• “I can also ask myself science questions like ‘Have I observed anything like this effect in my life?’ ‘Have I seen similar effects in other experiments?’ or ‘How might this effect interact with others in the real world?’”
    • “Now, I will use those connections that I’ve made to help me understand what I’m seeing (in science) or reading (in a text). Once I’ve made the connection, now what I know and think has been changed.
    Practice in text (print, video, or interview)

    Post the anchor chart in your classroom so students can refer to it while in their inquiry circles. Encourage scientists to use the strategy during in their Inquiry Circles.

  • Inquiry Circle


    Scientists work in teams when conducting research and experiments. Each day of this unit, students will work in inquiry groups while embodying the role of a scientist. They will do so by taking on roles of scientists in research by speaking like a scientist, reading liking a scientist, and writing like a scientist.

    TIME: 30 minutes


    Before Inquiry Circle Groups — 5 minutes
    1. Say something like, “It is time to get into our inquiry circle groups. You will be with the same research team as yesterday.”
    2. Say something like, “When we research organisms, we will practice our roles as scientists. We will do this because scientists have a special way in which they observe the world, read scientific texts, and write reports. There is no better way to learn about science than to become a scientist!”
    During Inquiry Circle Groups — 20 minutes
    1. Say something like, “We have anchor charts to help guide your thinking. Do not forget to use them while in groups.” Refer to the “Language of a Scientist” anchor chart and the daily anchor chart. Remind students that they can use all the reading strategies taught, not just the one for that day.
    2. “My role is to help guide the inquiry circle groups, but I expect you to work as a scientific team to solve your problems together.”
    3. “Do not forget to answer your research questions and record it on the inquiry chart. It is important to record your sources on the inquiry chart as you complete it.” Be sure to explicitly explain how students should use the chart.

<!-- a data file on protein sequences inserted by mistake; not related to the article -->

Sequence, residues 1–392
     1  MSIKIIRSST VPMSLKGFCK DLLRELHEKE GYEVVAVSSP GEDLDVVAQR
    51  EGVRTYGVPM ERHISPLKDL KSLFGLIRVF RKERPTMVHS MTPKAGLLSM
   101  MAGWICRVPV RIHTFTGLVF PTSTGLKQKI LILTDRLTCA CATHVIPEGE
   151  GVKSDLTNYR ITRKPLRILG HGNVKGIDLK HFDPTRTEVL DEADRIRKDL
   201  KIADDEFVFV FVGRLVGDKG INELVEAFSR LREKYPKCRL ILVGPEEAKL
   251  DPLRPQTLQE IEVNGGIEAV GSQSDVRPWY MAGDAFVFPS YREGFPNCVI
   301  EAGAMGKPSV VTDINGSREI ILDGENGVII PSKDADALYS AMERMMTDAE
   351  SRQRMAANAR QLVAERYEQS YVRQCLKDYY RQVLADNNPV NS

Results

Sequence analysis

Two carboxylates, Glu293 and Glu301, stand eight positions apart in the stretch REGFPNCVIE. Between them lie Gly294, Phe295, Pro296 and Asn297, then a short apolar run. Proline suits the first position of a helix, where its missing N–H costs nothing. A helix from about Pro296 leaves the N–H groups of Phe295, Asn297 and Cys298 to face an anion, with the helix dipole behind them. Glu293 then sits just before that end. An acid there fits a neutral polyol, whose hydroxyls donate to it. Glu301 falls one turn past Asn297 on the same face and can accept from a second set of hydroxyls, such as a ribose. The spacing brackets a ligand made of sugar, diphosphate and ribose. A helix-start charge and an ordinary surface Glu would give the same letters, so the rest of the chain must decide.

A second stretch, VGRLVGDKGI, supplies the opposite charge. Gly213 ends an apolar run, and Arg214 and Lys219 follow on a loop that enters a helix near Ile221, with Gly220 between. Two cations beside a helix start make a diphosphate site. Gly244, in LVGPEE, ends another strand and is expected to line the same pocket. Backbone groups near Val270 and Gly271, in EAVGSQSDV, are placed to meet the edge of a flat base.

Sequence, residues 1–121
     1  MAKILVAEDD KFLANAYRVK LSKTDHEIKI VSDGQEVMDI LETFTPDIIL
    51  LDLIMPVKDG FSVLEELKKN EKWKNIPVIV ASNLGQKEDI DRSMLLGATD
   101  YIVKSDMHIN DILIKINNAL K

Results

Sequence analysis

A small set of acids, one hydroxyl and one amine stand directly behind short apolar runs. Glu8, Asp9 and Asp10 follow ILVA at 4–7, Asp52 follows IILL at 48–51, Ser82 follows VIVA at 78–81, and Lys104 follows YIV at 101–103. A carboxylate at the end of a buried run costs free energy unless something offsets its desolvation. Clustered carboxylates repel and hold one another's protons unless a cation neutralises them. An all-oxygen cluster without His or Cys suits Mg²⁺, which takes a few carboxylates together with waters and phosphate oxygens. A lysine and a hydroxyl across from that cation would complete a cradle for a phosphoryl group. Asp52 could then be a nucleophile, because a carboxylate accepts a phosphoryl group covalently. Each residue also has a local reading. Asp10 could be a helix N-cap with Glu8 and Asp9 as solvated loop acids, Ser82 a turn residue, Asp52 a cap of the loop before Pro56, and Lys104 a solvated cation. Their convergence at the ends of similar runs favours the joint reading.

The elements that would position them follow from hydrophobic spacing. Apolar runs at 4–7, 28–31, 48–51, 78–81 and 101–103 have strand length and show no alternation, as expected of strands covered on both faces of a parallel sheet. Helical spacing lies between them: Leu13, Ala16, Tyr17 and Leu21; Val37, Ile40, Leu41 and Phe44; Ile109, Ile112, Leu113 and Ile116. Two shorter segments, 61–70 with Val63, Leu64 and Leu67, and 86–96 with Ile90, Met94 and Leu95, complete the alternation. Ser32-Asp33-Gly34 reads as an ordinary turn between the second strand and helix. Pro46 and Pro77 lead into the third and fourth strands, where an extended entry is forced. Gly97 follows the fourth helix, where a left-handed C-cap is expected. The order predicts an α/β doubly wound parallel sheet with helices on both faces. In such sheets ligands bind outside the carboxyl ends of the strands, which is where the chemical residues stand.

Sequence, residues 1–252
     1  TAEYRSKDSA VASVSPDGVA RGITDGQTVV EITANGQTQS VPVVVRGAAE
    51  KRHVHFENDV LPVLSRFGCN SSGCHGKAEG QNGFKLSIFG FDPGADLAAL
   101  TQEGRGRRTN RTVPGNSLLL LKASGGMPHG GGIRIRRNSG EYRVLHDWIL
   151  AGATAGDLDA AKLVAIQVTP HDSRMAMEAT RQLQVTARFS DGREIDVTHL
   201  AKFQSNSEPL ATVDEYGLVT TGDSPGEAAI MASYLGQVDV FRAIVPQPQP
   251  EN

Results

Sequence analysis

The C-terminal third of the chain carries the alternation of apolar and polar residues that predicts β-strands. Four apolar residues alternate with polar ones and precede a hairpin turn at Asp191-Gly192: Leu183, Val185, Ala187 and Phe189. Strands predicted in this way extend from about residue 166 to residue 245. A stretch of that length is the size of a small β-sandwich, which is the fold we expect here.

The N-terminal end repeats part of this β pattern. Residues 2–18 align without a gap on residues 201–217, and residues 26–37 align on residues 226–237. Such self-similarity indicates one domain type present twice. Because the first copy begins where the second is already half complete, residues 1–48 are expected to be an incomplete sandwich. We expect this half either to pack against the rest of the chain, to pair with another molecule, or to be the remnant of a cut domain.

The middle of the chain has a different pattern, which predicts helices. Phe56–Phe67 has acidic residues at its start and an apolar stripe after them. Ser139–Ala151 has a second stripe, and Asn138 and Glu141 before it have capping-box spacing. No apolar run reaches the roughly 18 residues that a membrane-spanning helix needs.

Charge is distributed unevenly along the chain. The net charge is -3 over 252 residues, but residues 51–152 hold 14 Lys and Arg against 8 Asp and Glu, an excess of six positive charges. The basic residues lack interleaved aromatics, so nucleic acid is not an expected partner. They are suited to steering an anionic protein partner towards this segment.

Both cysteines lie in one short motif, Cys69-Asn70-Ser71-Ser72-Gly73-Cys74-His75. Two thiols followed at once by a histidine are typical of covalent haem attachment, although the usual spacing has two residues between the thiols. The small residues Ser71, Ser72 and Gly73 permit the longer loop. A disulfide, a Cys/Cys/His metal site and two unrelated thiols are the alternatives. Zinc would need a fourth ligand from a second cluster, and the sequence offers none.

4. While groups are working together, walk around the room to facilitate as needed.
    After Inquiry Circle Groups — 5 minutes
    1. Say something like, “As we are concluding our inquiry circle groups for today, each group will have a chance to share what they accomplished and learned.”
    2. “The Lab Director should lead the discussion with their inquiry circle group about today’s results. For example, what did you learn about your organism? Which reading strategies did you use? What problems did you encounter? How did you resolve those problems?”
    3. “The Data Scientist will now share with the entire class either something the group learned about their organism, which reading strategy(ies) where used, or how the group solved a problem.”
  • Science Lesson


    In this activity, students will gain a better understanding of how citizen science allows anyone to participate and collaborate in authentic science research.


    What are some things that citizen scientists do? How do they help scientists in their research and investigations? Who can be a citizen scientist?


    Anyone can become a citizen scientist. All it takes is a love of science and nature and a willingness to help in research and to work to protect and preserve living things and their environment. Monika Maeckle, featured in the slideshow, chose to study, protect, and educate others about butterflies. She created the Texas Butterfly Ranch in central Texas. The ranch provides a safe place for migrating butterflies; conducts research; and educates the public about butterflies and protecting them.

    As a citizen scientist Ms. Maeckle began her studies by raising caterpillars in her yard. She followed with investigations and experiments to determine the best host plants for supporting butterflies within the local climate.

    In her work, Ms. Maeckle follows the same procedures that scientists follow. She conducts research on migration patterns, population numbers and environmental factors that might affect the health of the migrating monarchs. In collaboration with scientists, she collects and shares data during the annual migration starting in spring in the mountains of Mexico, as the monarchs migrate north through the U.S. and back. Ms. Maeckle has assisted scientists in tracking monarch butterfly migration routes by catching and tagging butterflies and reporting tagging data.